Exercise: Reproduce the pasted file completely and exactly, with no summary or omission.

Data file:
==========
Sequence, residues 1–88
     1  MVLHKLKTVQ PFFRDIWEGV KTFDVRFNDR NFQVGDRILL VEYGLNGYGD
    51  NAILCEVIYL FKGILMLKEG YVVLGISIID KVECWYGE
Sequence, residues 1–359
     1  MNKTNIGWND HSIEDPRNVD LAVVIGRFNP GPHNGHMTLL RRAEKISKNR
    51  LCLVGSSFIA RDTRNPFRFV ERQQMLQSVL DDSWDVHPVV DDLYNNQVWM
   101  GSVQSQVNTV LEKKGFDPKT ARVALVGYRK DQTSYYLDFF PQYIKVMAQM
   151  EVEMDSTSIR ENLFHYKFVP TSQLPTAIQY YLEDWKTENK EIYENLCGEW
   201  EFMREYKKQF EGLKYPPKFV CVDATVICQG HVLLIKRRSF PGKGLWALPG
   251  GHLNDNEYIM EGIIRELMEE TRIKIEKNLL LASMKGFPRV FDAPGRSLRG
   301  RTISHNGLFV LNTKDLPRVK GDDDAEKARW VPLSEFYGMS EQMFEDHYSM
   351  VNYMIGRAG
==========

Sequence, residues 1–88
     1  MVLHKLKTVQ PFFRDIWEGV KTFDVRFNDR NFQVGDRILL VEYGLNGYGD
    51  NAILCEVIYL FKGILMLKEG YVVLGISIID KVECWYGE
Sequence, residues 1–359
     1  MNKTNIGWND HSIEDPRNVD LAVVIGRFNP GPHNGHMTLL RRAEKISKNR
    51  LCLVGSSFIA RDTRNPFRFV ERQQMLQSVL DDSWDVHPVV DDLYNNQVWM
   101  GSVQSQVNTV LEKKGFDPKT ARVALVGYRK DQTSYYLDFF PQYIKVMAQM
   151  EVEMDSTSIR ENLFHYKFVP TSQLPTAIQY YLEDWKTENK EIYENLCGEW
   201  EFMREYKKQF EGLKYPPKFV CVDATVICQG HVLLIKRRSF PGKGLWALPG
   251  GHLNDNEYIM EGIIRELMEE TRIKIEKNLL LASMKGFPRV FDAPGRSLRG
   301  RTISHNGLFV LNTKDLPRVK GDDDAEKARW VPLSEFYGMS EQMFEDHYSM
   351  VNYMIGRAG